In the Netherlands, sepsis is the most common cause of mortality in the intensive care unit (ICU). Severe sepsis is present in around 30% of patients admitted to the ICU and can be caused by various processes. Central line-associated bloodstream infections (CLABSI) are among the most common hospital acquired infections (HAI) and constitute a high burden by increased morbidity, prolonged hospitalization, and increased health care expenditure. Central venous catheters (CVCs) are indispensable in the ICU for administration of high risk medication and parenteral nutrition. Even if optimal precautions (such as sterile CVC insertion, daily control of the CVC insertion site) are taken, CLABSI is still common, with an incidence of 1.1 per 1000 catheter days in the Netherlands. Different risk factors for development of CLABSI have been established, however it is not clearly understood which other factors may predispose to CLABSI. While there is debate about the most appropriate definition of a CVC infection, a straightforward registry of CLABSI with clear diagnostic criteria has been established in the Netherlands since 2010.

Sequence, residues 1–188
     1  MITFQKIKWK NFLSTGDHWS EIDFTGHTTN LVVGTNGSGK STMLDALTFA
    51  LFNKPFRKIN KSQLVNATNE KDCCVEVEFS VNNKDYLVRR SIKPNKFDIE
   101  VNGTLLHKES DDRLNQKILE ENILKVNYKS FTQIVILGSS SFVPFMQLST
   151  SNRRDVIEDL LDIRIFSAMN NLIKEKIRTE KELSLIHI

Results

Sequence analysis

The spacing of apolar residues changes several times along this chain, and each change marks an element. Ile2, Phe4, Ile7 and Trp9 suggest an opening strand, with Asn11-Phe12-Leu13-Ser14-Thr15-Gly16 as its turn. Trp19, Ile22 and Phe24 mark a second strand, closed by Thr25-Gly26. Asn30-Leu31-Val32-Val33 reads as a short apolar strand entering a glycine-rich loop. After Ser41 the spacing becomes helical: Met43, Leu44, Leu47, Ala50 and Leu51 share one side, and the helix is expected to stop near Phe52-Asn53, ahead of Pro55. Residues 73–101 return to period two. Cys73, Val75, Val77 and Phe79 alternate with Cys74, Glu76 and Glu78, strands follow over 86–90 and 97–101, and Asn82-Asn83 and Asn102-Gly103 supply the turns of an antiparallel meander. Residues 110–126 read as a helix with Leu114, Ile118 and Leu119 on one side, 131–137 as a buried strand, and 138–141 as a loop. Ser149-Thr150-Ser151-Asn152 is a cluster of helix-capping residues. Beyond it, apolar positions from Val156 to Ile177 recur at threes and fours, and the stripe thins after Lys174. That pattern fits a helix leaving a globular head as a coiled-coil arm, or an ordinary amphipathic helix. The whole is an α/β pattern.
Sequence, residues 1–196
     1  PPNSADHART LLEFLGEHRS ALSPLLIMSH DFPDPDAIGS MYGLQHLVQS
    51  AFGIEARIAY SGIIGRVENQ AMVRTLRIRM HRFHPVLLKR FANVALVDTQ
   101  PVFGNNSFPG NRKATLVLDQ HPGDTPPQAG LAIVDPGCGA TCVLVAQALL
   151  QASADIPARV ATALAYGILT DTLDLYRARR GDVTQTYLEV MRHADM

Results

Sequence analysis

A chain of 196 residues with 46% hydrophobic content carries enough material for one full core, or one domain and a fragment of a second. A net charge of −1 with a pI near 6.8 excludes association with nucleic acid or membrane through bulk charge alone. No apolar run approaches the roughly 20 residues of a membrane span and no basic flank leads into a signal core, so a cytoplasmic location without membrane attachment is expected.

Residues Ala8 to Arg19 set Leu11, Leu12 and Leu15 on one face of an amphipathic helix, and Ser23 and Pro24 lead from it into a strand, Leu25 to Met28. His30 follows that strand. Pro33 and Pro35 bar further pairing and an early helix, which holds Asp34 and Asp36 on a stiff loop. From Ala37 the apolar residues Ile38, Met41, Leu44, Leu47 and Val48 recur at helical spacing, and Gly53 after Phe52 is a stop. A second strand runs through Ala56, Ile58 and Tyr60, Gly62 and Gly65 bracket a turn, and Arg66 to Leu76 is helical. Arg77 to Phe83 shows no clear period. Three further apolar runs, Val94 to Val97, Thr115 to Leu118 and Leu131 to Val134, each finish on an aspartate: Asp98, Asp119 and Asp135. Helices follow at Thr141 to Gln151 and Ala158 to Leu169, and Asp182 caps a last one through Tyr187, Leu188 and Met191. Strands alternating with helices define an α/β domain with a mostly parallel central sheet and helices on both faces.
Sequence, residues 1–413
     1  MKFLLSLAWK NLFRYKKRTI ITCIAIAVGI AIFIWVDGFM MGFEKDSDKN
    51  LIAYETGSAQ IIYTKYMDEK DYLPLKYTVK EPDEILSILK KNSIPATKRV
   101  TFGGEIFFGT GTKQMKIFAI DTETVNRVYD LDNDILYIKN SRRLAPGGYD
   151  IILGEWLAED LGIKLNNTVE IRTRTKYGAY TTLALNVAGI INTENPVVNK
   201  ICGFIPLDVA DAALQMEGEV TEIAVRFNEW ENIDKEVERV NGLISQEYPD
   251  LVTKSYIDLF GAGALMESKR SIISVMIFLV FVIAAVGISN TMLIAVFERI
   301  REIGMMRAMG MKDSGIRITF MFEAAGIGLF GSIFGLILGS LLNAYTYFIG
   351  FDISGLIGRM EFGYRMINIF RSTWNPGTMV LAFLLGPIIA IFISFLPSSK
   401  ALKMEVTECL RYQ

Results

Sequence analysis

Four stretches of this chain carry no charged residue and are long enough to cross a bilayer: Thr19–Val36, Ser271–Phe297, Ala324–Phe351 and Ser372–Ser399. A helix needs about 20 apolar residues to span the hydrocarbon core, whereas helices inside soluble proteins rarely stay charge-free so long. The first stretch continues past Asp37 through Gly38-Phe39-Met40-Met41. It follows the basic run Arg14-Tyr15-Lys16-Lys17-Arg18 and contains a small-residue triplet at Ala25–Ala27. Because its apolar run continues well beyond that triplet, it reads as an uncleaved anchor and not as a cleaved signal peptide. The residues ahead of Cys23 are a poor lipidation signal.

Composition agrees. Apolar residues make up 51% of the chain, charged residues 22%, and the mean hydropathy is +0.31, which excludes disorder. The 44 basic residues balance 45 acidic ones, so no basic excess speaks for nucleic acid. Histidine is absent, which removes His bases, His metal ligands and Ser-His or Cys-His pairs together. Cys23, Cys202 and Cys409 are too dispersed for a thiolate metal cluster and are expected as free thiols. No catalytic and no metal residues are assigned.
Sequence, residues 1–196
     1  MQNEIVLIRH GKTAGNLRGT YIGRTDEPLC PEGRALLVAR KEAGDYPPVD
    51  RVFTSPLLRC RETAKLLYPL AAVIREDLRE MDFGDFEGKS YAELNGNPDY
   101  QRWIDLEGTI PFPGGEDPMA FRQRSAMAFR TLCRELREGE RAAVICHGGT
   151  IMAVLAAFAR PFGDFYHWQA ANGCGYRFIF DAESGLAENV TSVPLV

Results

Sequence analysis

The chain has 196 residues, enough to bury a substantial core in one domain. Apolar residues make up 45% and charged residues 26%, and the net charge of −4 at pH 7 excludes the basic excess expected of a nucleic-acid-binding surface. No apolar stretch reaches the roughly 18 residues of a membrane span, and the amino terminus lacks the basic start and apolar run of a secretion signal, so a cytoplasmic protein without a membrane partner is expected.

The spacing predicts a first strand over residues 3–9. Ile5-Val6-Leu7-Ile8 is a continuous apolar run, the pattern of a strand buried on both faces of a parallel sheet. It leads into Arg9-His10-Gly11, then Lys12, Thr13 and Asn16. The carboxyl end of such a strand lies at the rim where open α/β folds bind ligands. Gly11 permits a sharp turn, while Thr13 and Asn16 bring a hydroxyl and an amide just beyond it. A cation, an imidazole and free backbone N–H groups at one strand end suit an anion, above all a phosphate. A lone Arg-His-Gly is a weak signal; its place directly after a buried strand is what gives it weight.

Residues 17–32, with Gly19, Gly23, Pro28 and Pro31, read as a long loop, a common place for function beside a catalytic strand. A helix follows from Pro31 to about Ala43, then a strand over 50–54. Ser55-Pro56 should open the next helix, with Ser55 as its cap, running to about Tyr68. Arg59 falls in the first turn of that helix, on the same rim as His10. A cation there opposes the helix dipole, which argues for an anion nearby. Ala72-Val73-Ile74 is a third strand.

Early prediction of ICU patients developing CLABSI could assist healthcare professionals in decision making in daily practice. More precise prediction could reduce unnecessary removal of CVC, or in contrast take early precautionary measures by removing the CVC before bloodstream infection occurs, reduce the number of blood cultures taken and reduce the amount of unnecessary antibiotics started (which has a major impact in the context of antimicrobial resistance). Therefore, we aim to develop and implement a real-time algorithm for the prediction of CLABSI in ICU patients based on data that is readily available in the electronic health record (EHR).
To identify all common predictive factors concerning CLABSI in the ICU, a systematic review of the literature will be performed. The resulting factors will be combined with factors derived from expert opinion and discussed in a consensus group. Through a Delphi procedure, experts from the departments of Intensive Care, Infectious Diseases, Microbiology and Hygiene and Infection Prevention will reach consensus of the most important determinants predicting CLABSI in the ICU. These determinants will be used in the modelling phase, where we aim to develop a model for the day-to-day prediction of CLABSI in the ICU.